The need for replacement organs is immense, and new approaches are needed to engineer artificial organs that are capable of repairing, supplementing, or replacing long-term organ function. Carnegie Mellon researchers in the Bioengineered Organs Initiative are working to solve these challenges with a new generation of bioengineered organs that more closely replicate natural organ structures. The bioengineered organs are designed to rely less on traditional plastics and more on bioprinted cellular and synthetic materials. Carnegie Mellon experts in tissue engineering, bioprinting, advanced manufacturing, cellular biomechanics, biomaterials, and artificial organs are uniquely well-positioned to be working towards this goal of constructing longer lives.
Bioengineered organs research areas
Carnegie Mellon researchers are developing artificial and tissue based approaches to create more biocompatible cardiac support. Artificial approaches include a muscle-driven, extra-cardiac ventricular assist device for long-term cardiac support. Our tissue-based approach integrates developmental biology, stem cell science, materials science and engineering, and additive manufacturing to print replacement cardiac tissues. Explore bioengineered hearts research.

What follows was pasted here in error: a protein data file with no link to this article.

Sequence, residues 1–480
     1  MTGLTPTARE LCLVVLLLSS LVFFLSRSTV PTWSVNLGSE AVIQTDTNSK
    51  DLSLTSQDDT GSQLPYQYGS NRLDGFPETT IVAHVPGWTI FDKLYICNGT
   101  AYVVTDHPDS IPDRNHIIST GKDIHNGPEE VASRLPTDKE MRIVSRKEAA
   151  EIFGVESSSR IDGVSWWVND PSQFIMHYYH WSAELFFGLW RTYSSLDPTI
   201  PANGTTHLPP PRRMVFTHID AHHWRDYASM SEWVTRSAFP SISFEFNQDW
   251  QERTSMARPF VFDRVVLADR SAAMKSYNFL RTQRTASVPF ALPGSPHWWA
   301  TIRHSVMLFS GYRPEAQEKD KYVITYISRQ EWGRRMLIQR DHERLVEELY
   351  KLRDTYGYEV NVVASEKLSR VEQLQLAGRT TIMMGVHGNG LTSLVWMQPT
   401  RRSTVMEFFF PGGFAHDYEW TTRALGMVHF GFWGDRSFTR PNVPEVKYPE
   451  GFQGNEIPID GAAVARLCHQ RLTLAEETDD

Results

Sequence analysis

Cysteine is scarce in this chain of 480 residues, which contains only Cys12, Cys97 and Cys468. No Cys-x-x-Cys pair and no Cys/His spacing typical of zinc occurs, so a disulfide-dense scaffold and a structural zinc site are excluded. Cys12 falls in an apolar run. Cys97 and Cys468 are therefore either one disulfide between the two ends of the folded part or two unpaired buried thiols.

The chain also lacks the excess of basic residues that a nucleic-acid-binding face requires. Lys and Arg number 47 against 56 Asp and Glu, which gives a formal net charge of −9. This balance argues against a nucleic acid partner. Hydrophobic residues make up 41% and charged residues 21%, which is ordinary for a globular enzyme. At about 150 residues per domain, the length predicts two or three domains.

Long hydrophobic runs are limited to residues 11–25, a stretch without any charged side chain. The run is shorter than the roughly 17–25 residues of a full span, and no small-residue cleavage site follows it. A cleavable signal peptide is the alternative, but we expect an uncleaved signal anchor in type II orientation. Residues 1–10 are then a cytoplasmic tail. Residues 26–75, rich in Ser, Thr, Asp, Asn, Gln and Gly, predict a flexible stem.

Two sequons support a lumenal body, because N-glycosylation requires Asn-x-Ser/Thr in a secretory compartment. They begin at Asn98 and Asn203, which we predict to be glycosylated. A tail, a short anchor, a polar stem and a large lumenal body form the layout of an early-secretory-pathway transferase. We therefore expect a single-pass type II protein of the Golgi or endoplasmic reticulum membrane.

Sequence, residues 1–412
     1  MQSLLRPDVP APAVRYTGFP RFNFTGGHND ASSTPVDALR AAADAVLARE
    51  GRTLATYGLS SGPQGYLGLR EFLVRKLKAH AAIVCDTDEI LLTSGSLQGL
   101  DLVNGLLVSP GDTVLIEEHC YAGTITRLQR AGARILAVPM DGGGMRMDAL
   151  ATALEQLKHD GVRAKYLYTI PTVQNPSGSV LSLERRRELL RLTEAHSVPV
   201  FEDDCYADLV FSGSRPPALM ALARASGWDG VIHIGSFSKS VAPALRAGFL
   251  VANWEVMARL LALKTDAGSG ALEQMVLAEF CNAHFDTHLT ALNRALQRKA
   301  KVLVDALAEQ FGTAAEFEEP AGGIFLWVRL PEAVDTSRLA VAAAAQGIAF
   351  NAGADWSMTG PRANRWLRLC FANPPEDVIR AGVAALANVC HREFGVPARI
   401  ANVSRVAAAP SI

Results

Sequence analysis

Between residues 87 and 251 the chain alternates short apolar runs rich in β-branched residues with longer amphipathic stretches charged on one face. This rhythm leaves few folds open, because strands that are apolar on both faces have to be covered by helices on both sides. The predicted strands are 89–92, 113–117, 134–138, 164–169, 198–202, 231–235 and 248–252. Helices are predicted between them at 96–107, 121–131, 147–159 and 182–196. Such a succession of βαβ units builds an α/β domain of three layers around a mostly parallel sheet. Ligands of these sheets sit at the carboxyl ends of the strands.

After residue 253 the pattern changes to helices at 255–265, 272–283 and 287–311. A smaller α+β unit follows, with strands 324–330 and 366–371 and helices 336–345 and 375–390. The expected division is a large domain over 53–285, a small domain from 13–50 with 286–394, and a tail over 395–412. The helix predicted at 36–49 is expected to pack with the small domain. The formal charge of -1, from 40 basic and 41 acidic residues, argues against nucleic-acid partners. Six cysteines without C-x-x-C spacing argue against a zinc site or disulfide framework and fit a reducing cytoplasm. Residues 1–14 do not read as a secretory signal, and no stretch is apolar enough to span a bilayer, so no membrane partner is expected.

Carnegie Mellon researchers are developing new devices and technologies to create a permanent solution to chronic lung disease. The team is focused on changing the way patients will one day be able to receive respiratory support: years of support in the comfort of their own home. Explore bioengineered lungs research.
Three-dimensional tissue constructs
With combined expertise in tissue engineering, materials science, cell biology, and additive and micro-manufacturing, Carnegie Mellon is developing 3-D replacement tissues to treat human disease and novel means of understanding tissue function. Explore three-dimensional tissue constructs research.
Advanced 3-D bioprinting
Carnegie Mellon researchers are developing advanced, 3-D “bioprinters” that are able to print soft biomaterials and cells within three-dimensional tissue constructs or even whole organs. Explore advanced 3-D bioprinting research.
Carnegie Mellon researchers are focused on developing a host of technologies that enable fully-functioning long-term replacement organs and ensure their safety and reliability. The support technologies include mathematical modeling of organ function, novel biomaterials, cellular biomechanics, organ cryopreservation, and advanced manufacturing. Explore enabling technologies research.
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